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How to use an API with Postman?

Today, all web services are accessible through APIs. These are data providers that can be used with Postman. Postman is the most important tool in the world of web development. Postman is a reference tool that you can use for PHP, Node.js, Ruby on Rails or Python development. All you have to do is interact with a APIand that's it. How to use an API with Postman? Find out here.

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HTTP requests

Postman is a tool for making HTTP requests on a graphical interface. The latter makes the exercise much easier. All you have to do is enter the URL and the HTTP method. There are several HTTP methods that differ according to certain factors. These are the operation to be performed and the API used for it.

The most commonly used methods include:

  • GET
  • POST
  • PUT

GET requests are those made by a browser when a URL is inserted in the navigation bar. Their purpose is to search for data or a page. As for POST requests, their purpose is to send the information contained in the body of the request. It is transmitted to the server. 

PUT requests are used to overwrite a resource with new data. They allow the data to be updated. As for PATCH requests, they are useful for updating a resource while modifying only the element sent in the body of the request.

Finally, the DELETE request is used to delete a resource. The uses of the requests vary depending on the server and how it was developed. These are very common methods for REST APIs. 

HTTP requests sometimes have queryams. For those who know, these are data sent to the server by the URL, usually in GET requests. It is easy to define and modify these query params directly in the Postman interface. With the tool, you can quickly modify the query params or assign them to variables.

It is possible for HTTP requests to contain request headers. As with query params, Postman makes it easy to modify headers via its graphical interface. 

The interest of some requests lies in the fact that they send data to the server thanks to the request body. These are POST, PUT and PATCH. The data in the body that must be sent to the server via Postman can have different formats. One of the most commonly used is the JSON format. For SOAP APIs, there is XML. 

With Postman, you can copy and paste a body into a text box. You can also choose the format you need. For a POST, PUT or PATCH request, the tool allows you to edit the request body.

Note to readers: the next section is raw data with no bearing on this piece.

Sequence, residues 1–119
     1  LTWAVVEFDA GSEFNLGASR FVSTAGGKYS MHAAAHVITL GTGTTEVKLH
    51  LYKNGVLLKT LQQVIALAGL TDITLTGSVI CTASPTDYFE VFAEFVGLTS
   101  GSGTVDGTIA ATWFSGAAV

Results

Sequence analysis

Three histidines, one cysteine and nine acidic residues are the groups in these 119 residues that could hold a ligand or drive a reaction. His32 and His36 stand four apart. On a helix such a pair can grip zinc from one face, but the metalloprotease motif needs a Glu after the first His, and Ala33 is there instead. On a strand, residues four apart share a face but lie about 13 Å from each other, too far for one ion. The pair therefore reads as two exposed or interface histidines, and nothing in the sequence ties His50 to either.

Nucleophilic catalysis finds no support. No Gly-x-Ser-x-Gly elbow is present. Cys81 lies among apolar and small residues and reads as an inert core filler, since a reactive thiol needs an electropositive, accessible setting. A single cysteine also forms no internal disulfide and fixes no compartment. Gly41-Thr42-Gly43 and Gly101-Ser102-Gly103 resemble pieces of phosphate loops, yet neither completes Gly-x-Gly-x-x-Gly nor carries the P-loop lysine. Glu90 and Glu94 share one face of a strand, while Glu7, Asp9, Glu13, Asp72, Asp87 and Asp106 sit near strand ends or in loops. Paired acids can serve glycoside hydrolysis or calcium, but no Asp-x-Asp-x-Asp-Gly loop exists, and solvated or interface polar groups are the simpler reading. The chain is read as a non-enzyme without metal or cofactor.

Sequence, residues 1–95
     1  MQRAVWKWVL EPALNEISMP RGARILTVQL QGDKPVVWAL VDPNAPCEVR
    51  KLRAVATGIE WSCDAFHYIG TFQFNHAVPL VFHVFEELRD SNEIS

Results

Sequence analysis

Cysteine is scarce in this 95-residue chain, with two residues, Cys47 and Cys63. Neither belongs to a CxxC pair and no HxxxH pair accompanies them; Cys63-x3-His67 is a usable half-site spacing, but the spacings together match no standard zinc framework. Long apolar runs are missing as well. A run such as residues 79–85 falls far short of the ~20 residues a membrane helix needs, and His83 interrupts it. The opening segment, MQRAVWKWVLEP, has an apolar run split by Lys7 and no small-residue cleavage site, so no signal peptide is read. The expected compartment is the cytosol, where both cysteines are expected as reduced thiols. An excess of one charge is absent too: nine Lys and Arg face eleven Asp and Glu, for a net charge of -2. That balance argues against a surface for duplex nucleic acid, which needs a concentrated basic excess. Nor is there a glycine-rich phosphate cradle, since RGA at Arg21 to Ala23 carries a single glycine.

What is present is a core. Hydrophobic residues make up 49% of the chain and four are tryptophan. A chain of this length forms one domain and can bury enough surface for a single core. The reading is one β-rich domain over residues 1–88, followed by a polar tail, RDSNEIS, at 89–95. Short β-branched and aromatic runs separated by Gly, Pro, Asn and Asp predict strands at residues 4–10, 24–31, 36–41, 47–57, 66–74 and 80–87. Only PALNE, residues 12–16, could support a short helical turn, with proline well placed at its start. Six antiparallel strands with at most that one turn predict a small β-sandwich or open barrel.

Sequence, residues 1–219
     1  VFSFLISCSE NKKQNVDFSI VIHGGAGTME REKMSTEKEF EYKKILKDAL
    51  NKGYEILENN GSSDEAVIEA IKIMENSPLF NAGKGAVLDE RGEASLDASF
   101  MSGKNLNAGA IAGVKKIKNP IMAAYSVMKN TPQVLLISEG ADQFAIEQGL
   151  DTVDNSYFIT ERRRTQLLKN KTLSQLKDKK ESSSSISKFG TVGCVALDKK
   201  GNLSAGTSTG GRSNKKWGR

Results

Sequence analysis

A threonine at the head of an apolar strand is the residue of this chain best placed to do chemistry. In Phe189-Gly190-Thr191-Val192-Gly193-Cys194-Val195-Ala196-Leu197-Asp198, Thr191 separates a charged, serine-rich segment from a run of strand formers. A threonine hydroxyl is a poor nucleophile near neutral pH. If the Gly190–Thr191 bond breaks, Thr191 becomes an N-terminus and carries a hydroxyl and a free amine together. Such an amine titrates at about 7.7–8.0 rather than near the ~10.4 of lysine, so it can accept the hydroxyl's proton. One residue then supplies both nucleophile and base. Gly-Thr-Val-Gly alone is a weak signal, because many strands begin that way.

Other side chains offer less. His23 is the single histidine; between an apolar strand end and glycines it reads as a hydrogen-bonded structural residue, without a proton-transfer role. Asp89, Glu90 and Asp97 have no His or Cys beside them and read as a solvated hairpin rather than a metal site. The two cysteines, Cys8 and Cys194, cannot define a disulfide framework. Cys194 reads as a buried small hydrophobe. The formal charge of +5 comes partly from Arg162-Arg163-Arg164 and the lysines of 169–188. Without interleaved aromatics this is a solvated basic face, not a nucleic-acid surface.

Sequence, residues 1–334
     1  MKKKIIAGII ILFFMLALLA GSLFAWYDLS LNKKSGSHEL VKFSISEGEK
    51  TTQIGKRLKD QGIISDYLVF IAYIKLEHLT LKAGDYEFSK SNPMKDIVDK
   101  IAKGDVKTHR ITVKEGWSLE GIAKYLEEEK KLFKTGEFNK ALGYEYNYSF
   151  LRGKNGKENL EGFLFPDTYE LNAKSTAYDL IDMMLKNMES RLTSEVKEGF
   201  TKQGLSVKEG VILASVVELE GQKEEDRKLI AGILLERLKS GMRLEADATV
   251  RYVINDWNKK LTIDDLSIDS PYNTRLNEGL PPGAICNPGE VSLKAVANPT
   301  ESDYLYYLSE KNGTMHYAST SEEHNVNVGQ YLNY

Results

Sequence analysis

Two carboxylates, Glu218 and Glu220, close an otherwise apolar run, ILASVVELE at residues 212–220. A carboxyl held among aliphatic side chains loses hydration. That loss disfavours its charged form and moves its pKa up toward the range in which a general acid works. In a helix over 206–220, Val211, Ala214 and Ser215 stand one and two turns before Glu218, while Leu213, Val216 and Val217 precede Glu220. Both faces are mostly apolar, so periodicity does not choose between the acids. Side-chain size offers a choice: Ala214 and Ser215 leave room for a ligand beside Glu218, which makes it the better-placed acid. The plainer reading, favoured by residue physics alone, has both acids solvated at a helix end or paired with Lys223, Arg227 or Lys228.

There are HTTP calls that require caller authentication. It is possible to set up the necessary authorisations for your calls. To do this, you need to access the Authorization tab in Postman. On the tool, you will find various forms of authentication such as the simple API key, Basic Auth or OAuth. 

The collections

As you develop, your API grows. In addition, the URLs to be tested by Postman increase. To help you organise and store requests, the tool provides you with collections. Thus, you can save and classify a series of HTTP requests.

How the calls are ordered in your collection is completely up to you. In addition, Postman offers you the possibility to automatically execute all calls in a collection in an order. It is therefore very important to define the order. 

Using variables

During your development, you will have calls that depend on variables from other requests. For example, you may need to retrieve an id or token from a first call in order to verify the second. 

To avoid copying and pasting every time you want to make a call, you can use Postman variables. These allow you to store data received from a request so that it can be reused in future calls. 

In addition, Postman variables are arranged in scopes. There are several of these, the main ones being: 

  • Global variable
  • Environment variable
  • collection variable
  • Local variable
  • given.

Variable scopes can be used in different collections. They can also be used to create environments with specific variables. 

In order to define a variable, Postman provides you with the pm object which contains the SET and GET functions. Depending on the scope of the variable to be defined, it is possible to use various formulas. 

Writing automated tests

In any API development, unit and functional tests should not be neglected. They ensure that the API works properly. Postman also provides you with a test function. They allow you to "mock" any call to an external API. 

For your backend development, the tests should cover some logic. For example, if you use the Twitter API, you don't have to actually make calls to that service every time you do integration tests. You'll need to mock those calls.

You can have a suite of tests in Postman that will be able to call on all external services. 

Building an API in Postman

In addition to the ability to manipulate and test an API, Postman also allows you to build one. To do this, you need to use its API Builder. The API tab available on the tool is the focal point of your API. It contains tests, collections and much more. 

With this tab you can centralise all resources related to your API, i.e. the documentation. When the schema of each resource is defined, Postman is able to generate the collections automatically. In addition, Postman offers a Mock Server to allow you to test a consumer of an API. 

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